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Last edited by tomchr; 14th January 2013 at 07:02 PM.
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Old 15th January 2013, 02:42 PM   #59
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There is no problem in running the two 5V filaments from the same winding? as it is qualified only for 2A.
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Old 15th January 2013, 07:43 PM   #60
tomchr is offline tomchr  United States
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The ClassicTone 40-18069 power transformer has two 15 V windings, each rated for 2 A. Recall, I'm using my Universal Filament Regulators to power the 300B and 6N6P filaments. The Universal Filament Regulators are switching regulators and they are very efficient (~90 %). So Power In = 1.1 * Power Out. Give or take...

Hence, each 300B filament regulator only draws 1.4*5*1.1 = 7.7 W from the transformer. 7.7 * 2 = 15.4 W. The winding is rated for 15 * 2 = 30 W, so there's plenty of margin.

The worst case condition on the 6.3 V supply is when you're using ECC99s as they draw about 1.8 A total. So 6.3 * 1.8 * 1.1 = 12.5 W drawn from the transformer. Still... Pretty far below 30 W.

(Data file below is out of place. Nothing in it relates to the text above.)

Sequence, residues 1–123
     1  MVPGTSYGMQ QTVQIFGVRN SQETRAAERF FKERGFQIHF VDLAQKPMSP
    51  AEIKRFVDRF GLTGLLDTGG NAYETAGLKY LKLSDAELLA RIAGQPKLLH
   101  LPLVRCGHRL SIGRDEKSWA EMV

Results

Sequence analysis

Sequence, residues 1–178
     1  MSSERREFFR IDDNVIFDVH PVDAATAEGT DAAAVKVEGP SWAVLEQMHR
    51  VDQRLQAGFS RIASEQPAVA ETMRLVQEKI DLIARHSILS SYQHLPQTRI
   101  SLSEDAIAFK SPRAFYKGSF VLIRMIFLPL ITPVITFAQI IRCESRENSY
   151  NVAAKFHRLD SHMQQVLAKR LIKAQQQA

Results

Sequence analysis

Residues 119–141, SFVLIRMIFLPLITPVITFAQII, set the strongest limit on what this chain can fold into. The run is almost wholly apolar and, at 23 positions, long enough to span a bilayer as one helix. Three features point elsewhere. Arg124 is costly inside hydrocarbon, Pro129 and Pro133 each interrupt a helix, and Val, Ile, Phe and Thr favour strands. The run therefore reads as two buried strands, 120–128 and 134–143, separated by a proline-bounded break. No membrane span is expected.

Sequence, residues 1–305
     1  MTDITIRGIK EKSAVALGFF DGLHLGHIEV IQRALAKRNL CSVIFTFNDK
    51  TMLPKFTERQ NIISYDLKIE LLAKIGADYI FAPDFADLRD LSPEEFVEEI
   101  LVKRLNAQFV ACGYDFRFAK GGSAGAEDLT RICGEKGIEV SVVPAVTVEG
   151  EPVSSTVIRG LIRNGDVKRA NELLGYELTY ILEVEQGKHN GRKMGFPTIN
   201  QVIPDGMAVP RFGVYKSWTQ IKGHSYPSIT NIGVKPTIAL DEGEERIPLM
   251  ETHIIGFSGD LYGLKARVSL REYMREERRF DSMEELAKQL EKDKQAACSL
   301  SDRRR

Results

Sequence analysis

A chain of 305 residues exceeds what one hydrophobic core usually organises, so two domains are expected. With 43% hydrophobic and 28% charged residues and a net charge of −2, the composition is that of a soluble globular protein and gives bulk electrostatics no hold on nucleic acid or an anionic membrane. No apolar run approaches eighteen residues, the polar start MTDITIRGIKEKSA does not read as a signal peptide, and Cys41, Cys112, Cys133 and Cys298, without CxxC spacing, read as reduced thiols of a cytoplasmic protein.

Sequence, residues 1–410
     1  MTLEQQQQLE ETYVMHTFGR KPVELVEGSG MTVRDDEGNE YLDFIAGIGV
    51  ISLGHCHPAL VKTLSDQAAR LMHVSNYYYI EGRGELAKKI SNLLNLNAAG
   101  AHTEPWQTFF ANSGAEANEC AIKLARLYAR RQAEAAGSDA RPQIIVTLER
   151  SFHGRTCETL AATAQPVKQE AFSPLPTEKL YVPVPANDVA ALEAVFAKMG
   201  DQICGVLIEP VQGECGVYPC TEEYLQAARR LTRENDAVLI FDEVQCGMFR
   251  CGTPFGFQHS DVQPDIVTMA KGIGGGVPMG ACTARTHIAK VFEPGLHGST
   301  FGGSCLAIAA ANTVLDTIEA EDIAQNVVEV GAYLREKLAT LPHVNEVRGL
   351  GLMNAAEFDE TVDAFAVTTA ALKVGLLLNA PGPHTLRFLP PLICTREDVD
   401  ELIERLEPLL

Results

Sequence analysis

Note, that the RMS current drawn by the rectifier is quite a bit higher than that drawn by the load. This is due to the way full-wave rectifiers work. They draw the current in pulses so the peak current is quite high. I ran extensive simulations on all the supplies to ensure that the transformer windings were not overloaded. I have verified the validity of my sims in my prototype. The transformer is running at around 80 % of full capacity. It gets lukewarm (maybe 35~40 deg C). That's still well within the range of normal.

Of course, if you're using linear regulators, you won't be able to use the ClassicTone 40-18069 transformer -- at least not to supply the filament supplies. That would also result in some ungodly amount of power dissipated in the filament regulators. That's why I went with switching regulators in the first place. If you insist on using linear regulators, you're probably better off using a separate transformer for the filament supplies. Something like an 2 x 8 V, 50 VA tranny should work, but you'll have to do your own design there.

~Tom